Content vs. Encoding
Encoding format is the way we physically represent the information—e.g. as XML, or LISP-like structures as in the Penn Treebank, etc. the encoding format contributes to the “meaning” of the annotation by establishing relationships between annotations and data (what applies to what) as well as between two data items (e.g. a coreference link), and may also provide information about the organization of the annotation (e.g., a list of constituents, a set of alternatives, etc.). It does not provide the content category labels per se, except insofar as that may be implicit in the structure of the format.
This kind of implicit information is where the annotation content and the format usually (and often unintentionally) overlap. If you take something like the Penn Treebank annotation format, it is clear that the items grouped with parentheses are intended to be constituents of the enclosing item. However, it is important to note that this is true only because we, as humans, can look at it and see that based on the labels of the categories. The very same format has been used for other types of linguistic information, for example, in NOMLEX. There, the groupings mean a number of different things—sometimes groups of related information, sometimes sets of alternatives—and in fact, without examining the data, it is impossible to tell which. This is easy for humans, but hard for computers. So the golden rule concerning format vs content is to make explicit the relations that the format is being used for, so that machines can process it without human interpretation. This sounds like a minor point, but formatting ambiguity has been known to cause problems for using annotations with software other than that which it was designed for (and which therefore "knows" what the format signals in specific contexts)..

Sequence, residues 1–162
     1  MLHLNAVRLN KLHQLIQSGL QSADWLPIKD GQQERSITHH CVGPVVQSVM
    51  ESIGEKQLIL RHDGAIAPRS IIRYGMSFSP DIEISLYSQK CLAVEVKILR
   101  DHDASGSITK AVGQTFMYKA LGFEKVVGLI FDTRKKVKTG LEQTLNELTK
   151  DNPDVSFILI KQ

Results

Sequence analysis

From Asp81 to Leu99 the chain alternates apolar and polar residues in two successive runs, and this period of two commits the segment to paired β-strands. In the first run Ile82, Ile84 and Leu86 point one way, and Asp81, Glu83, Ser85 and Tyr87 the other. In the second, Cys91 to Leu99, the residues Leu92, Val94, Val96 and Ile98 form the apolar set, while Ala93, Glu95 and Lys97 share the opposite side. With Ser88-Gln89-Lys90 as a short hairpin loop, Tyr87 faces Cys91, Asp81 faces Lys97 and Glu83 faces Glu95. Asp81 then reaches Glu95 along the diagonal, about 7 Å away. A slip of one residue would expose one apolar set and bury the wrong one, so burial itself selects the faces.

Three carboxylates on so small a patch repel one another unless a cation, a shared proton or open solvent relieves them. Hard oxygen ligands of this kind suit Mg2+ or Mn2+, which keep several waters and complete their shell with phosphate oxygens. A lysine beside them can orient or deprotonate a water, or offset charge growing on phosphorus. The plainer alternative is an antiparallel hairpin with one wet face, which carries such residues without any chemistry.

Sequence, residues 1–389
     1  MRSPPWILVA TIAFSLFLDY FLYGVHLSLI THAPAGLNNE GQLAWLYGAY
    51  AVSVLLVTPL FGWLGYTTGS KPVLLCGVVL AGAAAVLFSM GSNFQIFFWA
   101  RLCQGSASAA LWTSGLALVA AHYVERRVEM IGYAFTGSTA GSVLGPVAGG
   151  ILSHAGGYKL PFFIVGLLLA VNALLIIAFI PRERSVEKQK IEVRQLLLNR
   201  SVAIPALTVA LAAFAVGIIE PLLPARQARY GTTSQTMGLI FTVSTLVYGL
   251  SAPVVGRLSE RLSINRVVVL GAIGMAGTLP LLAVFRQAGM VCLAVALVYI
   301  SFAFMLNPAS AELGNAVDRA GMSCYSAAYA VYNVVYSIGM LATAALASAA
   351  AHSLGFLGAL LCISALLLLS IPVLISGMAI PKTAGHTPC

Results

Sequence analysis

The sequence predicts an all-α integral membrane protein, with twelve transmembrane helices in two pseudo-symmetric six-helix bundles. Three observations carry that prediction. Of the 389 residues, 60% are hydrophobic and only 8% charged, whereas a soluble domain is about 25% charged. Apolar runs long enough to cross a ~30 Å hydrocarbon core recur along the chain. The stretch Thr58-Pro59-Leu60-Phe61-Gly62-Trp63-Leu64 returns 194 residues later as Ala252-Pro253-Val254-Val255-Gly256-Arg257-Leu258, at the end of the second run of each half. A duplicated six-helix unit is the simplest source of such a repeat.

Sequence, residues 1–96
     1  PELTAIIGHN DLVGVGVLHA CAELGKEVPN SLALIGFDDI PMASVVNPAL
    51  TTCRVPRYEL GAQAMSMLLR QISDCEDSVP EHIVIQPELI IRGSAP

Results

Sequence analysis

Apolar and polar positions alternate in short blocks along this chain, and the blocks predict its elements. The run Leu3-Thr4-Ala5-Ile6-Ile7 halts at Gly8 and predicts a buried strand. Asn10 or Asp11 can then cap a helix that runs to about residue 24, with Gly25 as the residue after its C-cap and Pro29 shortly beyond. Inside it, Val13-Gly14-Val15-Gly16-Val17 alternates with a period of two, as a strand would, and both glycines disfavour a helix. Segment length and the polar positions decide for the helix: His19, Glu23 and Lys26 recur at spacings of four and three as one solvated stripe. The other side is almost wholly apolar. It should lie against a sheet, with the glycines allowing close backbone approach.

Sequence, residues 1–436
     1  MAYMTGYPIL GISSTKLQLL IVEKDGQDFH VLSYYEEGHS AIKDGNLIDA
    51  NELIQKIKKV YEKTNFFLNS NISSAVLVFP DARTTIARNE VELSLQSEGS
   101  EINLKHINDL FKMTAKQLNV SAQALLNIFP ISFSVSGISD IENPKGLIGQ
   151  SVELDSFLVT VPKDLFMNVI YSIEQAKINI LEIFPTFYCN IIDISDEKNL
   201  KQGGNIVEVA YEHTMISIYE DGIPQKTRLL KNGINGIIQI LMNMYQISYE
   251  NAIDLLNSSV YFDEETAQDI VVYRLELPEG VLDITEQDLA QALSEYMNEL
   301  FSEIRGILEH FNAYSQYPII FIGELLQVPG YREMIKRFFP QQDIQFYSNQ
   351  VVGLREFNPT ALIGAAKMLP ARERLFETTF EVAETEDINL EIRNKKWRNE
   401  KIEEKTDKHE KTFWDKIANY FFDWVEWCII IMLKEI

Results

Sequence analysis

The ISO approach in the Linguistic Annotation Framework (LAF) is to provide a very generic XML serialization format (called GrAF), consisting of a graph with feature structures attached to the nodes, which provide the annotation content. GrAF Is accompanied by some very general rules for structuring annotations, but is otherwise extremely general.
The idea is behind LAF is that any annotation format can be used as long as it can be mapped without information loss into GrAF. If several different annotations are independently mapped into GrAF, they can be easily combined (merged) into a single graph. From here, the graph may itself be used for analysis of annotation layers (the graph is increasingly seen as a useful data structure for representing and analyzing linguistic data). Alternatively, the graph can be transduced to another format. The ANC project provides a tool that transduces GrAF structures into several formats for input to software systems like GATE and UIMA, and programs like GraphViz, MomoConc, and the BNC XIARA search engine, and more formats are continually added.